May 8 marks the 1899 birth of Friedrich Hayek. Though best known as an economist, he was acclaimed for contributions in many fields. Nobel Prize winners and others have lauded him as the 20th century's outstanding economist, social scientist, and political philosopher. Peter Boettke named him "probably the most prodigious classical liberal scholar of the 20th century."
Hayek's critical influence may have been best reflected by Michael Lessnoff: "Friedrich Hayek is the twentieth century social theorist, who, probably more than any other, found himself vindicated by events," and Milton Friedman: "Over the years, I have again and again asked fellow believers in a free society how they managed to escape the contagion of their collectivist intellectual environment. No name has been mentioned more often as the source of enlightenment than Friedrich Hayek's."
Celebrating Hayek's influence is important for the Ludwig von Mises Institute, since he, along with Murray Rothbard, are Mises' best-known students. As Daniel Klein described it, "Some of the most basic furniture of modern libertarianism comes from the great figures Friedrich Hayek and Murray Rothbard [following] their mentor Ludwig von Mises." Peter Boettke described Hayek's life work as "an attempt to make explicit what Mises had left implicit, to refine what Mises had outlined, and to answer questions Mises had left unanswered. Of Mises, Hayek stated: 'There is no single man to whom I owe more intellectually.'"
There is no possible way to compactly summarize Hayek's contributions in 130 articles and 25 books. However, as one of his main contributions has been arguing for "that condition of men in which coercion of some by others is reduced as much as possible in society," some of the most important things he had to say about liberty merit our attention, in the hopes of stimulating further study and reflection.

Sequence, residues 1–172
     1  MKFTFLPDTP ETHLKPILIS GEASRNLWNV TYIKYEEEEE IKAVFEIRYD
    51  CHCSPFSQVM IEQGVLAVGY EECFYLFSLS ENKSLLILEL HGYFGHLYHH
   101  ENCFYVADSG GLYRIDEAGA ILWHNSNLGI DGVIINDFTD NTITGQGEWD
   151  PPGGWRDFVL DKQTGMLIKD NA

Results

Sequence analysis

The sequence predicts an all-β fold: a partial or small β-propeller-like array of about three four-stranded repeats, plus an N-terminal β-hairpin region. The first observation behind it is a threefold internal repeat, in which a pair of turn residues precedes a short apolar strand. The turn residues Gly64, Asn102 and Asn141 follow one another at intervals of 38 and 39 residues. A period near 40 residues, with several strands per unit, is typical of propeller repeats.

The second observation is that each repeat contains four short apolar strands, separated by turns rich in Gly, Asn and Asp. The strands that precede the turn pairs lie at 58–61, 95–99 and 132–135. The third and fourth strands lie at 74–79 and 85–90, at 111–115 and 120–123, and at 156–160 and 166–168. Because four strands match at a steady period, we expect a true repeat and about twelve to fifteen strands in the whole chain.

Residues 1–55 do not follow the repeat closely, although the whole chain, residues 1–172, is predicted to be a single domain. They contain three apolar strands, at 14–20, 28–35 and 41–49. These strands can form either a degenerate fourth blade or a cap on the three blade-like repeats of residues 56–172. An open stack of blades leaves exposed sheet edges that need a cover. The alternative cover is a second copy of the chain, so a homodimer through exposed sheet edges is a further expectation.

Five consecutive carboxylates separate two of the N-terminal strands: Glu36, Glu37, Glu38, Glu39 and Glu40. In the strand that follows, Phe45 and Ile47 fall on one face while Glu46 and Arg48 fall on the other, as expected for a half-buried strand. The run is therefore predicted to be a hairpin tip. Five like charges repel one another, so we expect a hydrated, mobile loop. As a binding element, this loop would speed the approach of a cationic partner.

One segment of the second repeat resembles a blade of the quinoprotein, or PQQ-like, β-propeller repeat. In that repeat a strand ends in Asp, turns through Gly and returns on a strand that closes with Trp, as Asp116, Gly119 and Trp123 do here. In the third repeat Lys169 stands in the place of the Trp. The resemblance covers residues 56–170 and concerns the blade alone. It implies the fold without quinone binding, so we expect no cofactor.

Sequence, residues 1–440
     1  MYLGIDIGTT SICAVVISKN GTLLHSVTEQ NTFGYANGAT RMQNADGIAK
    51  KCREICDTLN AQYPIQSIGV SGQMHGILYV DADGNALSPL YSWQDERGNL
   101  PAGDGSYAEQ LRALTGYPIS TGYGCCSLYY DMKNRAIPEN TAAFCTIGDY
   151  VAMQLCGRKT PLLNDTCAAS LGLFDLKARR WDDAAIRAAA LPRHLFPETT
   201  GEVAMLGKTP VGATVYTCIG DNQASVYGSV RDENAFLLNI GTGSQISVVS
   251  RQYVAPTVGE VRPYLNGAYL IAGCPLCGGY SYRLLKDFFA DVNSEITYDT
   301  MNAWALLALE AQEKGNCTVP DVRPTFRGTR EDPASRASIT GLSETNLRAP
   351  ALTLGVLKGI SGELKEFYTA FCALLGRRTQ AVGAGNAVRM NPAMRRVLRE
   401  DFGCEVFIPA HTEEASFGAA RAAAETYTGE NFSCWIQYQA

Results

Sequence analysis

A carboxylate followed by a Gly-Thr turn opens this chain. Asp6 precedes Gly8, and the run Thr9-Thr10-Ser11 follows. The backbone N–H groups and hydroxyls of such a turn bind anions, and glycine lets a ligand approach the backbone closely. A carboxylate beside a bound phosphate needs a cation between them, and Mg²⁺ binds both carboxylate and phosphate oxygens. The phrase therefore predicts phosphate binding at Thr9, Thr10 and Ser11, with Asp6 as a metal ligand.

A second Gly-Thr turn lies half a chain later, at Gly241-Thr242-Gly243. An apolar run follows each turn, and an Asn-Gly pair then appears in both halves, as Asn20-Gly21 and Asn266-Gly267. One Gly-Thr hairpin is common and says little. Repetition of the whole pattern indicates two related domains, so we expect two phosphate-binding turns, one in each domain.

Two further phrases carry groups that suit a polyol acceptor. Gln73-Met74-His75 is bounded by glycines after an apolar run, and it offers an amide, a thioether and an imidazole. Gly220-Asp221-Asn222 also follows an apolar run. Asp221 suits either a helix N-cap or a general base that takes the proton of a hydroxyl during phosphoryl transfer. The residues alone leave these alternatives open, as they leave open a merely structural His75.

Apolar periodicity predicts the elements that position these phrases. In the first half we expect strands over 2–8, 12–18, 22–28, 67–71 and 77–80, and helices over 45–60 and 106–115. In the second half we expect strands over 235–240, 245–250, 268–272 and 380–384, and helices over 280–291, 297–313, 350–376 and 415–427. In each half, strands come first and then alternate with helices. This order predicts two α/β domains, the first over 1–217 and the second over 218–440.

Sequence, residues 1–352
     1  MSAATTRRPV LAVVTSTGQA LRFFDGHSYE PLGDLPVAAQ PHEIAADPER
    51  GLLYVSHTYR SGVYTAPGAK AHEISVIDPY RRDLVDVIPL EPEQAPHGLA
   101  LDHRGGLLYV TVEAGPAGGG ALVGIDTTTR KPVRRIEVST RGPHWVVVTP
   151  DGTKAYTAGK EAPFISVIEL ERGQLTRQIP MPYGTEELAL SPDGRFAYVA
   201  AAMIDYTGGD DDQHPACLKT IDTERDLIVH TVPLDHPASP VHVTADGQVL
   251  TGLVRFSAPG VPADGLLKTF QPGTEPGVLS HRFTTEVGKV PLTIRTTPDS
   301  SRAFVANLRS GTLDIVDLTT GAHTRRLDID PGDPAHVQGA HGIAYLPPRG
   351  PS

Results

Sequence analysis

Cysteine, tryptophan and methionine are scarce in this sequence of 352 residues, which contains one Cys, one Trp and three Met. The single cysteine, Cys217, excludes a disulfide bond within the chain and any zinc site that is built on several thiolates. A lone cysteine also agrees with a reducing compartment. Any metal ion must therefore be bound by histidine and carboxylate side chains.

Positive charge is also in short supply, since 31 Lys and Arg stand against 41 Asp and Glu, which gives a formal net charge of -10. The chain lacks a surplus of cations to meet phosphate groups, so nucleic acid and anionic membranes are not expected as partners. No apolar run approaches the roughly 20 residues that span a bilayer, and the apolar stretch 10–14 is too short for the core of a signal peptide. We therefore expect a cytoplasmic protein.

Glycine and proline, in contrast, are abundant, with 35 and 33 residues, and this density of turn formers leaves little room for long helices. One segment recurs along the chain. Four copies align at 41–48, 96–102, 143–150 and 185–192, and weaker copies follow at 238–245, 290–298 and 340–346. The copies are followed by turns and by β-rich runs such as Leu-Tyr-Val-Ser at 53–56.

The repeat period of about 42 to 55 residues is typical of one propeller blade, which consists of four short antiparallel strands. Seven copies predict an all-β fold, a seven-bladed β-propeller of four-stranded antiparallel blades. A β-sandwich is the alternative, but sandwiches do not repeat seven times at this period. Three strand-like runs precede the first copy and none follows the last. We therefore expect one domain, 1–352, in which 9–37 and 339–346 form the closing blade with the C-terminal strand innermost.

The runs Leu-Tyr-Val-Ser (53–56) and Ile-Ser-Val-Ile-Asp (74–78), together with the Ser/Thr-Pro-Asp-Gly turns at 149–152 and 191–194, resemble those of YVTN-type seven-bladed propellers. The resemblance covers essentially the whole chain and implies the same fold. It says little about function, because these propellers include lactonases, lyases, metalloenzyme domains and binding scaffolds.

"A society that does not recognize that each individual has values of his own which he is entitled to follow can have no respect for the dignity of the individual and cannot really know freedom."
"...if we wish to preserve a free society, it is essential that we recognize that the desirability of a particular object is not sufficient justification for the use of coercion."
"Coercion is evil precisely because it...eliminates an individual as a thinking and valuing person and makes him a bare tool in the achievement of the ends of another."
"...the argument for liberty is...an argument against all exclusive, privileged, monopolistic organization, against the use of coercion to prevent others from doing better."
"Freedom granted only when it is known beforehand that its effects will be beneficial is not freedom."
"Liberty is an opportunity for doing good, but this is only so when it is also an opportunity for doing wrong. "
"...if the result of individual liberty did not demonstrate that some manners of living are more successful than others, much of the case for it would vanish."
"It is always from a minority acting in ways different from what the majority would prescribe that the majority in the end learns to do better."
"Liberty not only means that the individual has both the opportunity and the burden of choice; it also means that he must bear the consequences of his actions...Liberty and responsibility are inseparable."
"...freedom is inseparable from rewards which often have no connection with merit..."
"...liberty is not merely one particular value...it is the source and condition of most moral values. What a free society offers to the individual is much more than what he would be able to do if only he were free. We can therefore not fully appreciate the value of freedom until we know how a society of free men as a whole differs from one in which unfreedom prevails."
"The system of private property is the most important guaranty of freedom, not only for those who own property, but scarcely less for those who do not.."
"The more the state plans the more difficult planning becomes for the individual."
"...the capitalist system...of free markets and the private ownership of the means of production, [is] an essential condition of the very survival of mankind."